Michael Porter Jr. ejected, Nikola Jokic’s triple-double streak broken in loss to Spurs
After Michael Porter Jr. put Zach Collins on a poster, the Nuggets competed like the Spurs had already been knocked out.
Instead, San Antonio stunned the visiting Nuggets on Friday night, dropping them 128-120, for the Spurs’ 17th victory of the season. For the first time all season, a Nikola Jokic triple-double didn’t equate to a win.
Jokic finished with 37 points, 11 rebounds and 11 assists for his 26th triple-double of the season, but San Antonio’s bench obliterated Denver’s second unit, and the Spurs owned the Nuggets on the glass, 50-33.
As usually happens, the more physical team won. Even though Porter’s emphatic finish over Collins (and the subsequent skirmish that led to both getting ejected) showed some fight, the Nuggets were underwhelming in their urgency. Now 46-21, they’ll head to Denver carrying a two-game losing streak and a date with Brooklyn on Sunday.
Here’s what mattered vs. the Spurs.
The record is his: Following Jamal Murray’s frustrating night against the Bulls on Wednesday, where he shot just 1 of 7 from 3 and appeared to press as he approached the franchise’s all-time 3-point record, Denver’s sniper wasted no time against San Antonio. Barely two minutes into the game, Aaron Gordon found Murray on the wing, where he drained his 805th career 3-pointer, surpassing Will Barton for the franchise’s all-time mark.
Those aren’t empty stats, either. Both Murray and Michael Malone are well aware of the correlation when Murray hoists from beyond the arc. The Nuggets are 10-0 this season when Murray gets up at least 10 3-pointers. Not only is he a streaky, volume shooter, but he’s the counterweight to Jokic’s dominance. The Nuggets entered Friday night second among all NBA teams in 3-point shooting percentage at 38.9. Murray, whose 6.5 attempts per game were second only to Porter’s 7.2, was shooting the exact same percentage as his team.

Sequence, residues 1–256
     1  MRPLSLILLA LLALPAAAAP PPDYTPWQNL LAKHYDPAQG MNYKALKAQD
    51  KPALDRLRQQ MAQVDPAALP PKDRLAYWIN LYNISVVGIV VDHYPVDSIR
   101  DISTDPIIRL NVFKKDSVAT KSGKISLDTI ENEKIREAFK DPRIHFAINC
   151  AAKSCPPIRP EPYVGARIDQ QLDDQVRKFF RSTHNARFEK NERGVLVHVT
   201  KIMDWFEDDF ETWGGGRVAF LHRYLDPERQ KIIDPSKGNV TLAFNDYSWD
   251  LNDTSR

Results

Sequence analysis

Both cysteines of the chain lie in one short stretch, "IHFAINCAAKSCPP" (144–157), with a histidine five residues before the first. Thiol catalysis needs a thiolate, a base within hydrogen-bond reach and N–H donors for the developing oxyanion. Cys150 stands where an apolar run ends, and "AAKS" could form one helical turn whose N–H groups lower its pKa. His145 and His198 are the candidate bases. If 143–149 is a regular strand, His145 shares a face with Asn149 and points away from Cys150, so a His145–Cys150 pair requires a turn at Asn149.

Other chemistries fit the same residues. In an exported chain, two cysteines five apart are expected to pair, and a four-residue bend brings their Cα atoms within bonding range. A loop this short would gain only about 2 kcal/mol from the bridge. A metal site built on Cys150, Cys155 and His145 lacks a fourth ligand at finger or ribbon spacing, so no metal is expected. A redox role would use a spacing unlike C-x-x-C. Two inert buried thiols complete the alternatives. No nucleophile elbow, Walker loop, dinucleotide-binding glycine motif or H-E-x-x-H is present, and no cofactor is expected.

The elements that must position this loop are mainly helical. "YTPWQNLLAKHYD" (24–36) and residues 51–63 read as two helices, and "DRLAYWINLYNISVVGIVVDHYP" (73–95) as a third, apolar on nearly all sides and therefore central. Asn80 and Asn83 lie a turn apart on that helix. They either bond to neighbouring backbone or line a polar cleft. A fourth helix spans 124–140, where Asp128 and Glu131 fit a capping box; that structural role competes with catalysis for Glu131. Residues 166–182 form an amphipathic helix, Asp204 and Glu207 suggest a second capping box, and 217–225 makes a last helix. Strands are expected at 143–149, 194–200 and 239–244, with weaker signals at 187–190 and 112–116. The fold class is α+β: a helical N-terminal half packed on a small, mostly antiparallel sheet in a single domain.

With the record behind him, Murray reeled off an efficient 17 points in the first half. He finished with 24 points, though was just 2 for 8 from deep.
The layers of Joker: Perhaps no player in the NBA has better touch around the rim, or can abuse a post defender better than Jokic. Which is why it was interesting to see him hoist nine 3s (3 for 9) vs. Chicago and drain 4 of 6 against the Spurs. At 39.8%, Jokic is shooting a career-high from 3-point range.
He’s an unstoppable, three-level scorer who can beat opponents from any angle. But his decision to drag defenders, in Friday’s case it was Collins, out to the 3-point line is an interesting one. Yes, it opens up the paint for others to go to work inside, but it also creates passing seams. Against Collins, whose physicality against Jokic preceded Porter’s retaliation, it’s possible Jokic was more inclined to pick apart San Antonio from the arc than battle through incessant contact. It’s also possible fatigue is playing a factor into his shot selection.
It didn’t help that the Spurs lived in Denver’s paint, finishing with 68 points inside.
The bench: In what’s become a broken record, Denver’s bench lacked any cohesion as they got pounded 58-25. Reggie Jackson struggled mightily from the field, and Bruce Brown continued to search for his 3-point stroke. In the first half, Christian Braun got some playing time and buried a 3-pointer from the corner. But he didn’t see any action in the second half despite playing fairly well in the first. With just 15 games left in the regular season, Denver’s bench feels far from settled.
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